This point is essentially the net point of the previous two. This realization emerged from my spreadsheet of all the books I’ve read since summer ’11. I looked back at my notes on some of Seth Godin’s books and the notes suggested my life had been profoundly changed by reading them. Months later, I barely remember what Poke the Box is about. These books inspired me, but didn’t actually change my behaviour or even my thought patterns.
Sort of. It’s related, but they’re not the same. I seem to feel mostly the same about myself regardless of the facts in my head. Even when I learn new models or frameworks, or ways of approaching things, they rarely have a substantial effect on my self-conception. The main things that do are ones that actually relate to relating. Any time I feel like I’ve learned to connect with people better I expand my comfort zone in certain situations and this is a really good feeling.
I’ve recently been realizing that awkwardness often arises from the feeling that something is supposed to be awkward. If you give up the assumption that an experience or interaction will be awkward, often it simply isn’t. Often it’s just fun, or pleasant, or profound instead.
There are a lot of factors that affect the sensation of the passage of time. The main one for me is tiredness. Time passes much faster late at night. I’d like to figure out ways to hack this so that I can experience more.
Something similar happens on a days-months scale too: the experience of yesterday feeling like last week but months ago feeling like yesterday. My current theory is that doing lots of interesting (and varied) things makes time feel like it’s passing quickly because there’s always something going on, but when you look back things are stretched out forever because there are so many details.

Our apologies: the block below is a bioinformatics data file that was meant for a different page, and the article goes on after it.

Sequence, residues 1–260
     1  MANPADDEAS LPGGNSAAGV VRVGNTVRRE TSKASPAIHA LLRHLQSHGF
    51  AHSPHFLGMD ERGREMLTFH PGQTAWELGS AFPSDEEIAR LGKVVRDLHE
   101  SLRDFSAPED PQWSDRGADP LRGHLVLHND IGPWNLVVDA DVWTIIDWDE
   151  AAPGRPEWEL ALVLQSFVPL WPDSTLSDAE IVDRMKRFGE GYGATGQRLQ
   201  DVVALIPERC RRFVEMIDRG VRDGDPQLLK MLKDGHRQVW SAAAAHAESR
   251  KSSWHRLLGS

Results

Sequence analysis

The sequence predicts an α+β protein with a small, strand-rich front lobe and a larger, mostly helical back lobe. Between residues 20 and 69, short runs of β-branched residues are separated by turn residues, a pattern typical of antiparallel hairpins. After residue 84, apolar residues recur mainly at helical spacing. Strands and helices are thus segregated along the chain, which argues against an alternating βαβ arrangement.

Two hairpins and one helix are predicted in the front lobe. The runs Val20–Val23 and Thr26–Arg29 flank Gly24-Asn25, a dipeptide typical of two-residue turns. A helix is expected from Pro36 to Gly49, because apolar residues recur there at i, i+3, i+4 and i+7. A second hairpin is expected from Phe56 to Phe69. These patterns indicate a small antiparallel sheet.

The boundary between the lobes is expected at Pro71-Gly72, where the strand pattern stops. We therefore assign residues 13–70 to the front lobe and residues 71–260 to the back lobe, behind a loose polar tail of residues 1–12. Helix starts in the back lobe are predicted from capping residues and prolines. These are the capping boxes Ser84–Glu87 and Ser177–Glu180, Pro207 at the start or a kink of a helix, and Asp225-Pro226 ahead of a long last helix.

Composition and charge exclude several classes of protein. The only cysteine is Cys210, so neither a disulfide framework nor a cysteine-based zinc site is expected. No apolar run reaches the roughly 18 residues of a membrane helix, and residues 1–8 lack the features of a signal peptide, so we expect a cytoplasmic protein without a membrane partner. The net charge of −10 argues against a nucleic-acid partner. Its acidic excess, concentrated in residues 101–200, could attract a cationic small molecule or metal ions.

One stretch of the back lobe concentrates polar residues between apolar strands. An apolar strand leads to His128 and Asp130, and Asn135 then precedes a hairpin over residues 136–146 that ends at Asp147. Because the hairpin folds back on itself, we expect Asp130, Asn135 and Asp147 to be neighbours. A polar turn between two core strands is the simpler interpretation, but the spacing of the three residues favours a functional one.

People all age at a rate of 60 seconds per minute, but the variance in amount and type of experiences is so broad that age makes a very poor proxy for what someone is like. I mean, guess it’s the best one we have, but like, some people could be safely drinking at age 16 (not too much, of course) whereas others can’t even in adulthood. But anyway…
Now, when I’m drinking, I tend to think alcohol is underrated, but I trust sober!me’s opinion more. People make a really big deal about it but for me these months of being 20 in the USA have been more annoying for lack-of-ability-to-go-dancing than lack-of-ethanol-in-my-bloodstream. In fact, I’d consider going off alcohol entirely if that wouldn’t seriously restrict my drink options. I like to try new things, and most drinks appear to be booze.
One night, when I was 15, I made a vow to myself that I would never do “drugs”. I clarified at the time that this didn’t include alcohol or caffeine, but implicitly included pretty much everything else except prescription drugs or the odd painkiller. My main reasoning was that I, at the time, felt infinitely happy. That is, I didn’t feel like I could possibly feel happier, and therefore there was no need to pursue artificial highs.